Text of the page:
UTSC’s 18-hour network shutdown explained

Broken cable connecting campus to St. George reason behind outage

A cut fiber optics cable is to blame for the 18-hour shutdown of University of Toronto Scarborough’s internal network on February 24. The outage spanned from 2 am Friday morning to 8 pm that evening.

I was unable to answer emails and [check the voicemail], which is a large part of my job. Students were very unhappy with us at the SCSU for not being able to book them [for meetings] earlier, or at all.

The cable links the UTSC network to the St. George Campus network downtown. With St. George as the primary internet service provider (ISP), both UTSC and UTM’s networks must go through St. George to have access to their internet. The severing of the cable broke that connection, causing the outage.

The network outage only impacted those working on the UTSC network at the school. Though it was reading week, and many students were unaffected, those students who were on campus found the outage an irritation.

Gillian Worton-Scott, Scarborough Campus Students’ Union’s (SCSU) administrative assistant, worked the day of the outage and said that the outage affected her job.

“I was unable to answer emails and [check the voicemail], which is a large part of my job,” Worton-Scott said. “Students were very unhappy with us at the SCSU for not being able to book them [for meetings] earlier, or at all.”

Zoran Piljevic, director of IT at UTSC, said that the university has been aware of the risk of outages for some time. According to him, a new initiative called Network Access Redundancy Project, which will prevent further shutdowns, is already in motion.

“It’s unfortunate that we had this cut before we had the chance to implement [it],” Piljevic said. “This was a very visible reminder of why this is important.”

The Network Access Redundancy Project plans to wire a direct cable from UTSC’s instructional centre to nearby Centennial College to establish a backup network. If the primary connection between UTSC and St. George is interrupted, the network traffic will flow through the secondary connection with Centennial until the primary connection is restored.

Piljevic said the secondary connection is currently expected to be established between the end of spring and the beginning of summer this year.

Presidential candidates speak

compiled by Sarah Taguiam, photography by Bernarda Gospic

Presidential candidates speak


Ontario undergrads say “no” to three-year degrees

With files from the Toronto Star.

A survey conducted by Higher Education Strategy Associates has found that most Ontario university students prefer a four-year bachelor degree over a three-year one.

The Ministry of Colleges and Universities is currently considering changing the length of degree programs the three years, and offering more year-round and online options.

Over 850 students participated in the survey, and 64 per cent stated that they find the four-year degree to be more valuable.  Students say they prefer the pace set by four-year degrees  despite the financial advantages of three-year programs.

Mount Royal University ex-student union president charged with bank robbery

With files from the Calgary Herald, Global News, Metro News and the CBC.

Mount Royal University’s former student union president Meghan Darcy Melnyk was arrested Wednesday for the robbery of a Calgary Servus Credit Union.

Police located her SUV by helicopter and took her into custody shortly after she left the bank. Authorities said that she was charged with outstanding arrest warrants for fraud, forgery, and breaching her probation.

Last January, Melnyk resigned as Mount Royal Student Association’s president following a periodic review that revealed some “anomalies.”

“We don’t know the cause of her actions … but we hope that she finds the support and the help that she needs,” said former colleague Michelle Dennis, the student union’s VP External.

Government quietly axes student job centres

With files from the Toronto Star and The Globe and Mail.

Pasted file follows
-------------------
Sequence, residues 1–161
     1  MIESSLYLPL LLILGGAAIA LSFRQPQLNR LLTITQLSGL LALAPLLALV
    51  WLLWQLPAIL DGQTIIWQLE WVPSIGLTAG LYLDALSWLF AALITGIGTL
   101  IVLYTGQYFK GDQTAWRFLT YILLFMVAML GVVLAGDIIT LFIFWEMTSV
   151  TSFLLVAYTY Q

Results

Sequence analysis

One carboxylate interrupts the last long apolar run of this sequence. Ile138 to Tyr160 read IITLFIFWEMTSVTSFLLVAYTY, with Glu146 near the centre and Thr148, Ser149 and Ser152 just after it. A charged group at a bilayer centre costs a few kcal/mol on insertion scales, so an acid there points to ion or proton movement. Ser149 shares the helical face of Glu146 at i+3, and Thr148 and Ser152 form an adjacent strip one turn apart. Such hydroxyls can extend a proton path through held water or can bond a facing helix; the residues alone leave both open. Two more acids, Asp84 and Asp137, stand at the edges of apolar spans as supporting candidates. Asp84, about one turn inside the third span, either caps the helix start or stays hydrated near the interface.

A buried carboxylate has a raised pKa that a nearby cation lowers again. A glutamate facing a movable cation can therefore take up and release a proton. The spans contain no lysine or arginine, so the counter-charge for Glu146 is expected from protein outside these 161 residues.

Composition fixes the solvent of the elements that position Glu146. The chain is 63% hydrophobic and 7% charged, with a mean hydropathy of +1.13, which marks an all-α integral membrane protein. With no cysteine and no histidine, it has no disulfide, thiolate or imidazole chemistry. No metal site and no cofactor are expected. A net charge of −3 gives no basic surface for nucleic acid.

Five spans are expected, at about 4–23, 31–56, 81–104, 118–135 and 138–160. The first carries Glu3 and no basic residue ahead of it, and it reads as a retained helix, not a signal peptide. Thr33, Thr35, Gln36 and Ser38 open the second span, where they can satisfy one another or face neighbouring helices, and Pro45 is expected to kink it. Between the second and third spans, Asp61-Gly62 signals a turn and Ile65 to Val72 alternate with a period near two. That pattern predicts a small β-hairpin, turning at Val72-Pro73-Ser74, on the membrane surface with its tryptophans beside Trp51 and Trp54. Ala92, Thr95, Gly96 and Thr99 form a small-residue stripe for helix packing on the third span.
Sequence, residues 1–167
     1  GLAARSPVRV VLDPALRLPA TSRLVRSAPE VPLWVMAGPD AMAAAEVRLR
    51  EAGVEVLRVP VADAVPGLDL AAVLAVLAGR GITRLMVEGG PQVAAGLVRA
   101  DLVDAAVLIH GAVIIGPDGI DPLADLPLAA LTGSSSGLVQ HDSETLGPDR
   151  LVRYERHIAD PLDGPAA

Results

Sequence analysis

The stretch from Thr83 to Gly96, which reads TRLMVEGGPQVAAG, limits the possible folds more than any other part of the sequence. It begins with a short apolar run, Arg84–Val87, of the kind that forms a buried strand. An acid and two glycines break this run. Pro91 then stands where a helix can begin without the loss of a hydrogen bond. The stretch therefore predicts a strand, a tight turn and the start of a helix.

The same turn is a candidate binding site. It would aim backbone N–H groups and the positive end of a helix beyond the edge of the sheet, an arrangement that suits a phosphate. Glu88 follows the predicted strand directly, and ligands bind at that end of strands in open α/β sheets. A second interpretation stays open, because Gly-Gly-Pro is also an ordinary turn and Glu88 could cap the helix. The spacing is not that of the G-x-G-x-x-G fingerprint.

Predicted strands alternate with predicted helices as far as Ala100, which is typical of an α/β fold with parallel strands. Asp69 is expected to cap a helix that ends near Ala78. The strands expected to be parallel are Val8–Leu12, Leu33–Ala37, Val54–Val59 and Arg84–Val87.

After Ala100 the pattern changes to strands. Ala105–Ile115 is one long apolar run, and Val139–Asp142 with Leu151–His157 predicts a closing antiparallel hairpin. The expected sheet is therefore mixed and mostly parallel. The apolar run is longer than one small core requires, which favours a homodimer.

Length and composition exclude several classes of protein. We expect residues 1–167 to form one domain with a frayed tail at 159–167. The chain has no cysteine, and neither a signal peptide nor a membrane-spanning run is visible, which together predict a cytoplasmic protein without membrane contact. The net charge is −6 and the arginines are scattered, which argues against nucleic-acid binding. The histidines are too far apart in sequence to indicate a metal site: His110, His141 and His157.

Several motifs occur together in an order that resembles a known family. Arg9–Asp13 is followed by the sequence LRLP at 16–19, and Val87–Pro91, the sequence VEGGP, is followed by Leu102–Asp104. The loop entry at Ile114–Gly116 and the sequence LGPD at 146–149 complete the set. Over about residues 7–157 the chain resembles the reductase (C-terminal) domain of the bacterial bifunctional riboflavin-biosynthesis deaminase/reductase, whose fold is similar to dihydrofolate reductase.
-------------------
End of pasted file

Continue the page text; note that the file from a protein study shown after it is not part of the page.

The federal government confirmed Wednesday that student job centres across Canada will be shut down, in an attempt to save an annual $ 6.5 million.

Human resources minister Diane Finley explained that more resources will be added to the website to help students find jobs. Critics are concerned that youth unemployment, already double the national average at 14.5 per cent, will worsen because of the decision.

The centres have been a resource for students in search of summer employment, providing access to jobs at over 100 locations.

Nonetheless, an online student job bank, with access to 135,000 employers nation-wide, can be accessed through the website.

Get in the game

MONICA SLOVAK fills us in on her experiences playing intramural soccer at U of T

Words of wisdom passed down to myself and my fellow Frosh during our first week at St. Mike’s that I have never forgotten: “Do at least one thing to get involved on campus, and it will greatly improve your experience here at the University of Toronto.”

Fast-forward three years and that still stands as one of the best pieces of advice I have ever received. Although I’ve made a point to get involved with various activities on campus, nothing has made a greater impact than my participation on both intramural and tri-campus soccer teams.

I have been a member of the SMC Women’s Intramural soccer team since first year. Over the past three years, we’ve won multiple Intramural Championships (both indoor and outdoor) under direction of coach Marc Trepanier. This year has been another successful one for SMC women’s soccer; we won the Division 2 outdoor championship, and as we near the end of our indoor season, we hope to add a Division 1 title to that haul.

We qualified for playoffs, finishing second in our pool, and just last week we won our quarterfinal game over UTM 4–0. On Thursday, we play the grads in the semifinal. They finished first in their pool and will provide tough competition, so it should be an interesting game.

In second year, I joined the women’s tri-campus soccer program I’ve played the past two indoor seasons with the St. George Blue team. Though there are just four teams in the league it’s very competitive. In both of my years on the team I’ve had the chance to work with coach Laura Machado, a member of the Varsity Blues women’s soccer team. She’s passed down her experience and knowledge as an intercollegiate athelete to our team and everyone enjoys playing for her.

Our main obstacle this season has been scoring goals; though the team has moved the ball well, our inability to score has left us going into our final season game still fighting for a playoff position. That game is next Saturday against first-place UTM, and we need a win to guarantee a spot in the playoffs.

Through playing on both these teams, I have had the opportunity to work with a wide variety of individuals across campus. Everyone has a passion for the game that gives you common ground right away. In these final weeks of both the intramural and tri-campus seasons, I know I speak for all my teammates when I say that we are excited and ready for any and all competition coming our way.